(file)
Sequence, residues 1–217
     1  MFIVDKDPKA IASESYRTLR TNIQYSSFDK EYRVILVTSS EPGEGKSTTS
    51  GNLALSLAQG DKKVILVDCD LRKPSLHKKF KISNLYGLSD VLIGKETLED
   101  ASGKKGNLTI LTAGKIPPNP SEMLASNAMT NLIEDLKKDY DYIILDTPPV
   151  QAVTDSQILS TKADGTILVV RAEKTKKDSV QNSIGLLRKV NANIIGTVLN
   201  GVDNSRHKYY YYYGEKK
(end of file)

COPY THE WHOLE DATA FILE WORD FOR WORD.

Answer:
Sequence, residues 1–217
     1  MFIVDKDPKA IASESYRTLR TNIQYSSFDK EYRVILVTSS EPGEGKSTTS
    51  GNLALSLAQG DKKVILVDCD LRKPSLHKKF KISNLYGLSD VLIGKETLED
   101  ASGKKGNLTI LTAGKIPPNP SEMLASNAMT NLIEDLKKDY DYIILDTPPV
   151  QAVTDSQILS TKADGTILVV RAEKTKKDSV QNSIGLLRKV NANIIGTVLN
   201  GVDNSRHKYY YYYGEKK